Bangkok Aviation Fuel Services Plc (Bafs), the country's largest jet refuelling provider, is braced for a larger-than-expected 5% drop in its revenue this year due to political conflict and the H1N1 flu outbreak.
Bafs sold 333 million litres of fuel in May - a 10% year-on-year drop - while the company had earlier forecast a 7% year-on-year contraction, said managing director M.R. Supadis Diskul.
Annualised volume tumbled 10.6% in April, against an anticipated fall of 9%, after red-shirted supporters of the United Front for Democracy against Dictatorship (UDD) rioted over the Songkran holidays.
"Normally, there are a number of charter flights arriving in Thailand during the Songkran holidays in addition to scheduled flights. But this year they almost vanished because of the chaos," M.R. Supadis said yesterday.
"The latest figures have prompted us to project overall volume dropping by 6% this year, larger than the previous forecast of 2%. This would result in a decrease of 5% in revenue."
Meanwhile, H1N1 influenza, which has been fatal in 99 out of 15,510 confirmed cases, has triggered a plunge in flights from Japan and China, he said.
With falling passenger numbers, airlines have switched to smaller planes to cut fuel costs, he said.
Financially constrained Thai Airways International Plc (THAI), Bafs' largest customer, provided 39% of the company's into-plane volume in the first quarter.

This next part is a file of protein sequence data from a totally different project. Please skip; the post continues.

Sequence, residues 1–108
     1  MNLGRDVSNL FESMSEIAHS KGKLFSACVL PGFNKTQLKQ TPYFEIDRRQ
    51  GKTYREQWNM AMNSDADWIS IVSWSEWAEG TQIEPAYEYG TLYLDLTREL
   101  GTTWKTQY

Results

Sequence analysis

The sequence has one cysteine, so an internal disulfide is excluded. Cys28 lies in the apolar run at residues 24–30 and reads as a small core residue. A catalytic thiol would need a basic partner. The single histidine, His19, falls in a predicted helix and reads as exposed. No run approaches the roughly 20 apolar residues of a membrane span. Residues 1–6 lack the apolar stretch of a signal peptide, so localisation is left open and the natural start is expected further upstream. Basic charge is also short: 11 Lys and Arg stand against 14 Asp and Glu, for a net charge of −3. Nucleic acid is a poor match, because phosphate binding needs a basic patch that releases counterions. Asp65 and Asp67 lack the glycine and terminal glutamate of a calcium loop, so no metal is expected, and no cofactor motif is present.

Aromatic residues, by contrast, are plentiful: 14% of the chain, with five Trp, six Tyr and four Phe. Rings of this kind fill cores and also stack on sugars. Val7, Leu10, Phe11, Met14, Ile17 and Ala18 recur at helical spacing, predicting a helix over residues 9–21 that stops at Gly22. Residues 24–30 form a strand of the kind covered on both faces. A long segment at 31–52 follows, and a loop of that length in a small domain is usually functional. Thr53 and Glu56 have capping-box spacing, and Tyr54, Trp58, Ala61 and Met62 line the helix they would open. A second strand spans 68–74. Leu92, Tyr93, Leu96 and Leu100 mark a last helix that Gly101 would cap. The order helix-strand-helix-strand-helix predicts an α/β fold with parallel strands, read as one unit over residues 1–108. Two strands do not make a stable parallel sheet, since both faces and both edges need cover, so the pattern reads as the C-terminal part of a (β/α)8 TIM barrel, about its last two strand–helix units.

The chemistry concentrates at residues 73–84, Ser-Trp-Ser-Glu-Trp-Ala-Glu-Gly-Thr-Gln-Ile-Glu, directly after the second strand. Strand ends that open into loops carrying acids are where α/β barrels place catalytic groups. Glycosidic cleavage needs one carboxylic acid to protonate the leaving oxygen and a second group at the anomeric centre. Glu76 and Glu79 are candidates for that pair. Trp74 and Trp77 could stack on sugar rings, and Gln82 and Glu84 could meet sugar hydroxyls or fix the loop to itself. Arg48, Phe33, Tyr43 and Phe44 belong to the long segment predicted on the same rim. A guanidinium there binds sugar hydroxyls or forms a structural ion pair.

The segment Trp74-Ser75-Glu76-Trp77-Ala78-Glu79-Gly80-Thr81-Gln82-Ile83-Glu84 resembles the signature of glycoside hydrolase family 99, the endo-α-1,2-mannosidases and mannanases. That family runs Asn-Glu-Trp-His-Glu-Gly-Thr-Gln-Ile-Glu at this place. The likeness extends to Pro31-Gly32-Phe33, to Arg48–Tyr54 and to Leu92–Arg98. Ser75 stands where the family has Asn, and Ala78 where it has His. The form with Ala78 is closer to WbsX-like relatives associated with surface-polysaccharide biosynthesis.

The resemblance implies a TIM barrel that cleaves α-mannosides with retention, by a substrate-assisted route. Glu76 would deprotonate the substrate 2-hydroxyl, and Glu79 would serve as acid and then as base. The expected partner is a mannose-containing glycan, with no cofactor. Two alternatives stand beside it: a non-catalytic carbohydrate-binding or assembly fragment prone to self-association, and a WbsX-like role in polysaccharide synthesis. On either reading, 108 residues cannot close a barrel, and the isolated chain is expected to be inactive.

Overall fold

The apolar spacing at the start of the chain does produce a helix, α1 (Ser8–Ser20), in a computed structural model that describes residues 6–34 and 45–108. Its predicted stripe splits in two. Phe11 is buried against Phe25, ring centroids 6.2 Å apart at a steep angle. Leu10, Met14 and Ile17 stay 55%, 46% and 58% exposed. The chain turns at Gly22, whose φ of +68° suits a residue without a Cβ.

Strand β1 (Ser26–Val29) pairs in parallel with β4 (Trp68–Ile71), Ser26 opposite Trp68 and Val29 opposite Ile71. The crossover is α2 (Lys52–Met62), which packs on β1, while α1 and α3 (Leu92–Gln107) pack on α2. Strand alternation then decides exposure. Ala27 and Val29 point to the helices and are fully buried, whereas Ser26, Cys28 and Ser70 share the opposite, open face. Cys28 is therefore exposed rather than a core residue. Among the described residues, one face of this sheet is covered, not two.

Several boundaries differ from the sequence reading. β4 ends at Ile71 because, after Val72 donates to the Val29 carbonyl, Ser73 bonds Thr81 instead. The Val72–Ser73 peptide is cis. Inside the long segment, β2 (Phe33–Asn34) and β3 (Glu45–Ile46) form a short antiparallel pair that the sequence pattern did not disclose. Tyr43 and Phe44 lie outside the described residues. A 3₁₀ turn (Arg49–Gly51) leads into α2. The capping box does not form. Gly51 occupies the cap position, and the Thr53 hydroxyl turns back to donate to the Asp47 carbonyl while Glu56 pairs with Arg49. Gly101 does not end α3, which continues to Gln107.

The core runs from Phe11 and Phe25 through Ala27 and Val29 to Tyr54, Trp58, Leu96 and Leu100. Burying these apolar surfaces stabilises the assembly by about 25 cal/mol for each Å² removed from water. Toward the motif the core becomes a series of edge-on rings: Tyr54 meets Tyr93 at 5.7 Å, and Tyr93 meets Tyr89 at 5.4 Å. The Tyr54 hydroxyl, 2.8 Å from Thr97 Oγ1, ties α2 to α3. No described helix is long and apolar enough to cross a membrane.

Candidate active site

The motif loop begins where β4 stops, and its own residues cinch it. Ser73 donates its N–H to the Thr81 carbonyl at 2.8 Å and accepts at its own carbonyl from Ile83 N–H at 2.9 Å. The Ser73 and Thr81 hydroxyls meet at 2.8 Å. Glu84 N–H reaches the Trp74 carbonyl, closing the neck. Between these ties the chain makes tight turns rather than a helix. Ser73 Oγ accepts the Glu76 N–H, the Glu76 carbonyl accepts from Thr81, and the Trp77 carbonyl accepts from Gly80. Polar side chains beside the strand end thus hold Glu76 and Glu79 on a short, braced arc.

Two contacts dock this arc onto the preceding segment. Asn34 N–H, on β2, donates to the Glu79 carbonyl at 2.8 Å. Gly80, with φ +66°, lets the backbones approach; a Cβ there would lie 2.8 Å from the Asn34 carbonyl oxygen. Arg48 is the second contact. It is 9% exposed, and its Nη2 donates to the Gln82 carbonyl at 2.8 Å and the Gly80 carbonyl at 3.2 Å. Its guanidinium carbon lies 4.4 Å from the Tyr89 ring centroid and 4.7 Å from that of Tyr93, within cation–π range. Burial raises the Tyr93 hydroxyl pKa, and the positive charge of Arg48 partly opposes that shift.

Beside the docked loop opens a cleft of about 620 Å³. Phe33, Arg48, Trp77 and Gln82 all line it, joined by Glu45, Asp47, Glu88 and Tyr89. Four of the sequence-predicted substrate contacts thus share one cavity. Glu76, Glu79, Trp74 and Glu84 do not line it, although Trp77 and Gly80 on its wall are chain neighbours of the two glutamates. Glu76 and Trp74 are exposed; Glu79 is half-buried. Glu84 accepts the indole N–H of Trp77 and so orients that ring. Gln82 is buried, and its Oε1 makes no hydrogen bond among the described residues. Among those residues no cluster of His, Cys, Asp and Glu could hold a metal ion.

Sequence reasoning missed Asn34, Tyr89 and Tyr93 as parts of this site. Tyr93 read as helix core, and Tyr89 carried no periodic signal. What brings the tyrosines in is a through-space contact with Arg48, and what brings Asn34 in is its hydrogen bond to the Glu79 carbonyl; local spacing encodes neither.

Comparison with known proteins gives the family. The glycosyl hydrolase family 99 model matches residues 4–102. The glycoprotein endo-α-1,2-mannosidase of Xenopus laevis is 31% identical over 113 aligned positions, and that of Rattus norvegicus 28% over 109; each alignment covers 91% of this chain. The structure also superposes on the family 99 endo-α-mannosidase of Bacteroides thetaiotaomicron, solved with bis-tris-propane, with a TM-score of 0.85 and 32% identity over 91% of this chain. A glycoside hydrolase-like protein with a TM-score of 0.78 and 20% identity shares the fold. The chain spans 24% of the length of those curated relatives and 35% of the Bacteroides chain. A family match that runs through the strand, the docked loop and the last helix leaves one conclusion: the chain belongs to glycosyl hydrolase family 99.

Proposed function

Passenger traffic at Suvarnabhumi and Don Mueang airports fell 17.6% year-on-year to 10.8 million in the first three months, as flights slid 15% to 34,923 by the end of March.
"Not only the Bangkok hubs, but regional airports in Hong Kong and Singapore have also declined because of the global recession. But the drop is larger in Thailand," said M.R. Supadis.
Sales volume at Hong Kong and Singapore international airports fell 6.1% and 4%, respectively, in the first four months of this year. Meanwhile, Suvarnabhumi and Don Mueang saw a 13.8% decline, he said.
Bafs posted a 13.5% year-on-year decrease in revenue to 510.5 million baht in the first thee months of the year. Aviation fuel service income dropped 12.3% to 503 million baht. Net profit plummeted 23.3% year-on-year to 108 million baht.
But the company projects its volume will return to growth in the third quarter based on a timetable of airlines' scheduled flights, said M.R. Supadis. THAI, for example, is set to get six new planes to expand its services this year.
Shares of BAFS closed yesterday on the Stock Exchange of Thailand at 6.45 baht, up 20 satang, in trade worth 3.89 million baht.